Average gold production is estimated at 157,000 ounces a year, generating free cash flow – after allowance for capital expenditure - of $438 million over the mine life. At a gold price of $1,100 per ounce, this translates to a pre-tax NPV at 10% of $172 million. Initial capex is anticipated at approximately $200 million – with a fast 2.3 year payback - and cash costs are forecast at $500 per ounce. Metallurgical testing suggests the free-milling ore to be amenable to partial gravity recovery followed by conventional carbon-in-leach processing, with a recovery rate of approximately 92%.

Much work remains to be done to firm up and increase resources, optimise pit layout and design, complete environmental studies and build a mining plan, but the company are pressing ahead with speed, and working towards a bankable feasibility study for delivery around the middle of next year. Expenditure of some $12 million is planned between now and then, to include the costs of infill drilling at the existing resource, and exploration drilling at defined targets along strike to expand the resource.

The company is also conducting studies on the possibility of generating hydro-electric power locally, which will reduce the reliance on the planned site-based heavy fuel oil generating plant, and make a significant improvement to power costs. And interestingly, with mineralization in the area being so prolific, there will need to be sterilization drilling carried out before the final plant site is selected.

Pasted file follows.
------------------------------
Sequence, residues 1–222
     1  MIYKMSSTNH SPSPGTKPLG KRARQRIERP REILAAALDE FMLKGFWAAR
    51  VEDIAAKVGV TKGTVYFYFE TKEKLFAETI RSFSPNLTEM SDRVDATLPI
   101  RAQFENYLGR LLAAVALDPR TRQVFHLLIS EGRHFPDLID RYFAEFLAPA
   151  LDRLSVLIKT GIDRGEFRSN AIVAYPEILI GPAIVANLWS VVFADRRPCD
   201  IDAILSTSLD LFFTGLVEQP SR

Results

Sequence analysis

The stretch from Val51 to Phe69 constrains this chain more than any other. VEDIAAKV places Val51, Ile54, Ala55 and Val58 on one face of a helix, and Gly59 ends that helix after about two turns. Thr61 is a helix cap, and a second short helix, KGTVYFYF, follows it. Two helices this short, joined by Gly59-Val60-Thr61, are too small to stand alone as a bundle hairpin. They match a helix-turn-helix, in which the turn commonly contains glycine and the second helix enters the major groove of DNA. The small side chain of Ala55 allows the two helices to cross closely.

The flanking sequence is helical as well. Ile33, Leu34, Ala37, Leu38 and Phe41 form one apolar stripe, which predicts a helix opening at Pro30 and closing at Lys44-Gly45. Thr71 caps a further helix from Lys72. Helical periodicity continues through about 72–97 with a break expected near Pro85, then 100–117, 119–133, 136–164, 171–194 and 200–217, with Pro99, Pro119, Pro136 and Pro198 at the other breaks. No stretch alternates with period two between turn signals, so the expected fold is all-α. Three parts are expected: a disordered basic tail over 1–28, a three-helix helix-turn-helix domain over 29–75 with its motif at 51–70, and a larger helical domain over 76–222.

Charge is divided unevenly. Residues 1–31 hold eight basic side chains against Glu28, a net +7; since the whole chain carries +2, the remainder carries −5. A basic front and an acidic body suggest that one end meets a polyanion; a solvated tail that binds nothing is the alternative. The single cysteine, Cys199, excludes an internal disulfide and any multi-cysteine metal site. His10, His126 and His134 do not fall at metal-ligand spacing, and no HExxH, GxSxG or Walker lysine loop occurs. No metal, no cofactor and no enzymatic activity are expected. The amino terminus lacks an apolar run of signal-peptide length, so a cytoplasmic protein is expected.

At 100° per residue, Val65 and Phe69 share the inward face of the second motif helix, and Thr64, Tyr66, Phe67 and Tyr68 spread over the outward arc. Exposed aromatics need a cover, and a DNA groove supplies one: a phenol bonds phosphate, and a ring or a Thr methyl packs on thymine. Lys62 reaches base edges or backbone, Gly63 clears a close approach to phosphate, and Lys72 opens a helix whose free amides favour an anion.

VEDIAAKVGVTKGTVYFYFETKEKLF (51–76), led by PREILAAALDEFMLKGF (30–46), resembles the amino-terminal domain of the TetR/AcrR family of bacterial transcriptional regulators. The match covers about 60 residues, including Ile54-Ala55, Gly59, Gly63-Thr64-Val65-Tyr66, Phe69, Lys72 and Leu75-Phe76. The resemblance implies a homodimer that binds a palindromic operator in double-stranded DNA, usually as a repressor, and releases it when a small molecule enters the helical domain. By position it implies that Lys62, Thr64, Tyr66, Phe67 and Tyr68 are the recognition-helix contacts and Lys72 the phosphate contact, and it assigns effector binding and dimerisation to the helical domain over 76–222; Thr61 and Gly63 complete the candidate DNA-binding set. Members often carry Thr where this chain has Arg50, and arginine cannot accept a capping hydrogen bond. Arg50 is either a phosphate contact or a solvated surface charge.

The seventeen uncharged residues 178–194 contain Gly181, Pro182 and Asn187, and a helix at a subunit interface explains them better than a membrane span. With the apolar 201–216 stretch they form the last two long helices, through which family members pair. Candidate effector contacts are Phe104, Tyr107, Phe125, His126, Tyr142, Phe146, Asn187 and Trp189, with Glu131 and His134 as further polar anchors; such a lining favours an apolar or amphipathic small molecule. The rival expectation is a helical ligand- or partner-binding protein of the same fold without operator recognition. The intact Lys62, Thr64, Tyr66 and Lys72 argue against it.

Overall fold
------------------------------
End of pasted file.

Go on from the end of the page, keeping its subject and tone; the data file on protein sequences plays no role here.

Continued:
Meanwhile, at Kalsaka and Angovia, production is now forging ahead, and cash costs are steadily reducing as the mines build up towards their design production levels. Output in 2009, during most of which both were still in their commissioning phases, was 75,000 ounces. Cluff are confident of achieving their planned 100,000 ounce output forecast for 2010, and judging by performance in Q1 of 2010, the required run-rate is being comfortably achieved. The company is also actively exploring in the locality of each mine for satellite deposits which can be incorporated into future mining plans.

So all systems are go for Cluff Gold. Following the termination of an offer period earlier in the year, occasioned by unsolicited approaches, Cluff is determined to continue to increase value for shareholders, and feels that now is not the right time for considering the sale of the company. Not, at least, before it achieves its ambition of fully developing its existing properties and joining the ranks of producers of more than 250,000 ounces of gold a year. And provided that all goes according to plan, the company should be well on its way to achieving this during 2013 when Baomahun emerges from its development phase and enters production.

Disclosure: No position